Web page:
18 April 2011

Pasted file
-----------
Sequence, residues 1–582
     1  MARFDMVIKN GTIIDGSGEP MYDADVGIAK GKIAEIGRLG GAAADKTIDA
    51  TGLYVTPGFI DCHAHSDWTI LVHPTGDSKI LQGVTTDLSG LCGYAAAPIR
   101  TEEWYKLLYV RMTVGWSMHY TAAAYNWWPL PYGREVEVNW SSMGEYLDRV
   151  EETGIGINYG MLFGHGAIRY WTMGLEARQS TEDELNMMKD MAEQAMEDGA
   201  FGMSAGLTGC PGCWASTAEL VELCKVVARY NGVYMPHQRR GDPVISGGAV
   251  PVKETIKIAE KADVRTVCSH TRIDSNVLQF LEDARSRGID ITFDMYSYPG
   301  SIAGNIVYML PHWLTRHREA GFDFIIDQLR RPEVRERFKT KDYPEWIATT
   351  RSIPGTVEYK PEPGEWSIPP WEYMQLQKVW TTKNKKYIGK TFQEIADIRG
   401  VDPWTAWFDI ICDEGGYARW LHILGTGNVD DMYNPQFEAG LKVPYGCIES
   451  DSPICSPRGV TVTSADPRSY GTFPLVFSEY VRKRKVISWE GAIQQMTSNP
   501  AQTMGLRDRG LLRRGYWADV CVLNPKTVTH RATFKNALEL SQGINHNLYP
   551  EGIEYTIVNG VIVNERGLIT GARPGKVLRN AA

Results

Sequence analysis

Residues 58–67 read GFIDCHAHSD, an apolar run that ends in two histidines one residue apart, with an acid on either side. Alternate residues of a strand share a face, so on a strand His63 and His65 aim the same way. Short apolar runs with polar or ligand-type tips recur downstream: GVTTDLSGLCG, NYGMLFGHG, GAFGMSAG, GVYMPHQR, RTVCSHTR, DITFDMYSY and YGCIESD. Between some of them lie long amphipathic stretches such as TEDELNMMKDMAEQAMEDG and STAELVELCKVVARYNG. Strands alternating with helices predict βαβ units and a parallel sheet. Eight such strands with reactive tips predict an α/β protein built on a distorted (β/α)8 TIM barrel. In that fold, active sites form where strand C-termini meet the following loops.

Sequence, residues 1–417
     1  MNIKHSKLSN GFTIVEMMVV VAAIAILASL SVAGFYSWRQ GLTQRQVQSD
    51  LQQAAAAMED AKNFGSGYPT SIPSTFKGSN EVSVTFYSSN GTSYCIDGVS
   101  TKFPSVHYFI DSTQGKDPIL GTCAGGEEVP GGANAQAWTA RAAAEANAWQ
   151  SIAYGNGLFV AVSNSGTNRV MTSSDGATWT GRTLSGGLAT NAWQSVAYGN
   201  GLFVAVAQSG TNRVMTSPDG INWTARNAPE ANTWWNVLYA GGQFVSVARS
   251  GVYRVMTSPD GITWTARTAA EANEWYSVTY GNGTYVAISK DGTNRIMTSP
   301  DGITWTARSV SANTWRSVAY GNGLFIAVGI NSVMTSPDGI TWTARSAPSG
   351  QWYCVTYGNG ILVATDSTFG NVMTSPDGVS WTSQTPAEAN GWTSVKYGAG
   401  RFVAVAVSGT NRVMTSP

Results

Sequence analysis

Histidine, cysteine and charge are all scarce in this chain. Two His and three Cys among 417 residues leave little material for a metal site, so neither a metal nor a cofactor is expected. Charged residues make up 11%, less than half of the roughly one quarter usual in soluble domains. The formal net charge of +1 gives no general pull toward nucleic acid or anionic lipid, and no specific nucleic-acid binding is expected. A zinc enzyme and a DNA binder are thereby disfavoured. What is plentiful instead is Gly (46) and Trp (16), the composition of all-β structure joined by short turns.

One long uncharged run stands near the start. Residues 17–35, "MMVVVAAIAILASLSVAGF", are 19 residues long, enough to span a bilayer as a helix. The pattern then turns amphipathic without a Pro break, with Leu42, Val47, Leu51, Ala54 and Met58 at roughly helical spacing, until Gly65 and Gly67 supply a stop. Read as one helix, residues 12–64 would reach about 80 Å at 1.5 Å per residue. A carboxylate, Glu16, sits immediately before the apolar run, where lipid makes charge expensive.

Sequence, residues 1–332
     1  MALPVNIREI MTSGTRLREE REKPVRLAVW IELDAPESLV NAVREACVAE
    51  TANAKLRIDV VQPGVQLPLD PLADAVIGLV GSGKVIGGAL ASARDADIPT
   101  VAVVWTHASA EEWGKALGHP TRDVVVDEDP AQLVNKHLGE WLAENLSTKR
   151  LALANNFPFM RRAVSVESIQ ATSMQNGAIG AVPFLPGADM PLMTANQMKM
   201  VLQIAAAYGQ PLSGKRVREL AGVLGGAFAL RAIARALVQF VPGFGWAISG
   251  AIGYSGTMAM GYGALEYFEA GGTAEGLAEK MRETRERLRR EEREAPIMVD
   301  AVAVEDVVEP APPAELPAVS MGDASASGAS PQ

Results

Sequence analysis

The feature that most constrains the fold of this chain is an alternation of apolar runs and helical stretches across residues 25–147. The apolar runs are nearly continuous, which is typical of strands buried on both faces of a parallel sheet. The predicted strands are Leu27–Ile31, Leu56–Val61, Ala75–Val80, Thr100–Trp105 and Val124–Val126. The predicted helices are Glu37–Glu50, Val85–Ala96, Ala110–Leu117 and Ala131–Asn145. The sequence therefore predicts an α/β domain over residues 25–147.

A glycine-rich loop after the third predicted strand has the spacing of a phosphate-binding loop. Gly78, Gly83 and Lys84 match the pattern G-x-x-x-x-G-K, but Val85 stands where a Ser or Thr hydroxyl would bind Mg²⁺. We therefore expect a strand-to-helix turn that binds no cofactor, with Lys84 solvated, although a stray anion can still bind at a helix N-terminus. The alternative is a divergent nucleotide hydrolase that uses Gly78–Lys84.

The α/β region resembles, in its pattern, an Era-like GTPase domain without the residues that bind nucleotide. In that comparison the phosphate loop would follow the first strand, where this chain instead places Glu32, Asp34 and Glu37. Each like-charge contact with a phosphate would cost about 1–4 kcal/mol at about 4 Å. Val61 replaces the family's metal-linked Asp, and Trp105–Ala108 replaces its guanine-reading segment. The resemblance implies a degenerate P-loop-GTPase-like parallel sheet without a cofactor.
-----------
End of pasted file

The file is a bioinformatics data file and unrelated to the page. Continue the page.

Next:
Two decades of investigations have failed to unequivocally clarify the functions and the molecular nature of imidazoline-2 receptors (I2R). However, there is robust pharmacological evidence for the functional modulation of monoamino oxidase (MAO) and other important enzyme activities by I2 site ligands. Some compounds of this class proved to be active experimental tools in preventing both experimental pain and opioid tolerance and dependence. Unfortunately, even though these compounds bind with high potency to central I2 sites, they fail to represent a valid clinical opportunity due to their pharmacokinetic, selectivity or side-effects profile. This paper presents the preclinical profile of a novel I2 ligand (2-phenyl-6-(1H-imidazol-1yl) quinazoline; [CR4056]) that selectively inhibits the activity of human recombinant MAO-A in a concentration-dependent manner. A sub-chronic four day oral treatment of CR4056 increased norepinephrine (NE) tissue levels both in the rat cerebral cortex (63.1% ±4.2%; P < 0.05) and lumbar spinal cord (51.3% ± 6.7%; P < 0.05). In the complete Freund’s adjuvant (CFA) rat model of inflammatory pain, CR4056 was found to be orally active (ED50 = 5.8 mg/kg, by mouth [p.o.]). In the acute capsaicin model, CR4056 completely blocked mechanical hyperalgesia in the injured hind paw (ED50 = 4.1 mg/kg, p.o.; ED100 = 17.9 mg/kg, p.o.). This effect was dose-dependently antagonized by the non-selective imidazoline I2/α2 antagonist idazoxan. In rat models of neuropathic pain, oral administration of CR4056 significantly attenuated mechanical hyperalgesia and allodynia. In summary, the present study suggests a novel pharmacological opportunity for inflammatory and/or neuropathic pain treatment based on selective interaction with central imidazoline-2 receptors.